One Thing’s For Sure — The New Health Care Act Is Complicated. This Nuts-And-Bolts Guide Should Make It A Little Easier To Understand
By Alvin Langdon
It’s the biggest story in health care and politics in a decade. The Affordable Health Care Act — widely known as “Obamacare” — is in effect now. Additional provisions of the act will take effect next year.
While discussion of the act is heated and divisive, everybody seems to agree on one thing: the new act is complicated.
As you read this guide, you’ll notice that much of the plan is based on suppositions, hypotheticals and conditionals. This thing should enable that thing to happen; if that thing happens, this other thing should happen in turn. It’s not known yet whether all these plans will work as they’re designed to. We may understand a great deal more about how this plan actually works in a year or two.
Until then, we’re faced with the reality of the plan as it will go into operation in the coming weeks. The following guide is meant to give readers some degree of introduction to the new program. Every effort has been made to make the language objective, informative and easy to understand.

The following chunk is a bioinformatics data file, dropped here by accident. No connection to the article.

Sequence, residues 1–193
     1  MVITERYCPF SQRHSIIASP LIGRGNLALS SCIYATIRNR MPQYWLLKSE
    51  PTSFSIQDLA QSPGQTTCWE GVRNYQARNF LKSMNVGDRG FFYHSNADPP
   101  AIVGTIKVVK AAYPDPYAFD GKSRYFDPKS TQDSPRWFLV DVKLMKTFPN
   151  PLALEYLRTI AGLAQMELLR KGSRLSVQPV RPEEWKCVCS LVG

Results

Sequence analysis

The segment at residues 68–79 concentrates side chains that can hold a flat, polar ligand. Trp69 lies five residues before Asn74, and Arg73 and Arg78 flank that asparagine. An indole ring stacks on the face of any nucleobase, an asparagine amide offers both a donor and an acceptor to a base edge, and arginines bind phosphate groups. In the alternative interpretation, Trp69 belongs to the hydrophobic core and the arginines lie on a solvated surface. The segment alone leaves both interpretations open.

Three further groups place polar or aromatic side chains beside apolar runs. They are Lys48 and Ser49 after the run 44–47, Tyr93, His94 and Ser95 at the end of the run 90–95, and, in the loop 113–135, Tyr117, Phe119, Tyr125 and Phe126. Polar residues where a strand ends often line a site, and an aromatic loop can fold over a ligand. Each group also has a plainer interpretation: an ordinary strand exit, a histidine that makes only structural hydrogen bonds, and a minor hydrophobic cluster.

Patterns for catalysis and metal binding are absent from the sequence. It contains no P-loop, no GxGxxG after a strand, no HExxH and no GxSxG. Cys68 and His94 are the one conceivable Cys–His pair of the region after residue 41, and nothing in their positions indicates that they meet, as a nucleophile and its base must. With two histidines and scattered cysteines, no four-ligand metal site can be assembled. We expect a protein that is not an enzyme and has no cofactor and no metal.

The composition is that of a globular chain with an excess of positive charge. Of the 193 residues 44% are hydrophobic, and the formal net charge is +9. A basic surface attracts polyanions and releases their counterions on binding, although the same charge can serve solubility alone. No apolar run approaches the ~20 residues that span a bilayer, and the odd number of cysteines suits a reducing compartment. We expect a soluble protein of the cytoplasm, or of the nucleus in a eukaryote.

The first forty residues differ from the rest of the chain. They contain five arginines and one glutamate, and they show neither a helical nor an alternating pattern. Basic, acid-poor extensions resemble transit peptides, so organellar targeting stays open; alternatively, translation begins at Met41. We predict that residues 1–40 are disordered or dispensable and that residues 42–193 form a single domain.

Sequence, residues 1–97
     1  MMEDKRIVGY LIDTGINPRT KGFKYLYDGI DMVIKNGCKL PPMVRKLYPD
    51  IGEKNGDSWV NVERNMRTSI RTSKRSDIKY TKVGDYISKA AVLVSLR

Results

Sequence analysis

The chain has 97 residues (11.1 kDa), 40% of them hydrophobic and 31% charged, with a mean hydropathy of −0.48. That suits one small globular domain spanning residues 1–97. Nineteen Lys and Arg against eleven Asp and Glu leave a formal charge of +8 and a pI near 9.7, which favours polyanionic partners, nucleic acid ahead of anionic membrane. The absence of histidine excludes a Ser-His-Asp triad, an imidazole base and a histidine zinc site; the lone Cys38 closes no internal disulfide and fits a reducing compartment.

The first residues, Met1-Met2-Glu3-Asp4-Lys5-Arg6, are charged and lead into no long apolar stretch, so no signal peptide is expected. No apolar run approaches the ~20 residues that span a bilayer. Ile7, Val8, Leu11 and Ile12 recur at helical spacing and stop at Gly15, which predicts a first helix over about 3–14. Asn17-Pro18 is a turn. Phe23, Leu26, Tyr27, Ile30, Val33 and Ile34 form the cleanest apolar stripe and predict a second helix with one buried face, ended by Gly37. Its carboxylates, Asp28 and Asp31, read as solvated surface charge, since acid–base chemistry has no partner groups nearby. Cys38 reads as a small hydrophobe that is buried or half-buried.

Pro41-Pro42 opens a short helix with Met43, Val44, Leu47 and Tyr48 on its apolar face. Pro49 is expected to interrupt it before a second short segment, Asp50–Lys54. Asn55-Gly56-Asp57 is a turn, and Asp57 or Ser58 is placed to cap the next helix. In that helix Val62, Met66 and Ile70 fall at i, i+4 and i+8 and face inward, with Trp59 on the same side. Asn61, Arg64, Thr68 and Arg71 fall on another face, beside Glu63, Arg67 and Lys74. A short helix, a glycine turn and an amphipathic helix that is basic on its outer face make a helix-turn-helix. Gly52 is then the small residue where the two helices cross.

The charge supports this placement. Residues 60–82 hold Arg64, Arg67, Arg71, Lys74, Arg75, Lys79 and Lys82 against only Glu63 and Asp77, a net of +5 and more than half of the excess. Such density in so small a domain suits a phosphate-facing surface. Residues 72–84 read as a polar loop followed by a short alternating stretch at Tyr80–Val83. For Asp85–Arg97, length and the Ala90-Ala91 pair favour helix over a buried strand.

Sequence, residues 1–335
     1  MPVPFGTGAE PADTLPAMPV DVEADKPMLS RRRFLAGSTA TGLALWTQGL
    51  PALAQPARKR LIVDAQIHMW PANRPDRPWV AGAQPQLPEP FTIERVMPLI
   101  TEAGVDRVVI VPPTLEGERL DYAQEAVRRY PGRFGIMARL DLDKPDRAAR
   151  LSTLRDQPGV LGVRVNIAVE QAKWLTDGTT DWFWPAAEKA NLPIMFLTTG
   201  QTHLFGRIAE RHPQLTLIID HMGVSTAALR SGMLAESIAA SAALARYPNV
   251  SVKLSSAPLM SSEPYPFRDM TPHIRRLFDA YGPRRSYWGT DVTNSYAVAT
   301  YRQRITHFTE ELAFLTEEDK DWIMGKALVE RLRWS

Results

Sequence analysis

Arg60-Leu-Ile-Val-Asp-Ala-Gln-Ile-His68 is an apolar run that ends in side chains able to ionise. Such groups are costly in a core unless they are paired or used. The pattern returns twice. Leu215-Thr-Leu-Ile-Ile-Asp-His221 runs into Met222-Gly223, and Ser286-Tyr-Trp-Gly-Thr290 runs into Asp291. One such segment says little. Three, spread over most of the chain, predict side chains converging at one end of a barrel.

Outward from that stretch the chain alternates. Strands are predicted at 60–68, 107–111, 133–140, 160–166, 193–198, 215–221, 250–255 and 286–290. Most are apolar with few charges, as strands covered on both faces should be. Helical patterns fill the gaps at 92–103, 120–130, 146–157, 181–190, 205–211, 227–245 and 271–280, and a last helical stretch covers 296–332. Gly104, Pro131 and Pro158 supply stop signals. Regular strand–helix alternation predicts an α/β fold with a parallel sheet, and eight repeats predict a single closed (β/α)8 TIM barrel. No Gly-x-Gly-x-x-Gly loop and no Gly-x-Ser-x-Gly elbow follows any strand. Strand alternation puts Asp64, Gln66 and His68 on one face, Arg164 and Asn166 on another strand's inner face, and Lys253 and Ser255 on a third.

What should you do right now?
Most people won’t need to do anything because they have health insurance through their employer or the government. But people who do decide to use the insurance marketplaces set up by the new health care act may find them complicated.
There are many helpers who can guide confused parties through the process. Some work for the marketplaces and some don’t.
Of particular importance is a group of helpers called “navigators.” Navigators work for the new insurance marketplaces. They can teach you about the marketplaces and help you enroll. Navigators will be available in all states.
The navigator program helps anyone who wants to get insurance through a marketplace. The goal of navigators is to help consumers understand the basics of the insurance program; how it works; and how they enroll in the marketplace. Navigators will be required to take 20 hours of training. They must be impartial and are not allowed to recommend specific plans.
Should you get help from a navigator?
Anyone can visit a marketplace and buy coverage on his own. But the process is complicated. Help from navigators could be useful.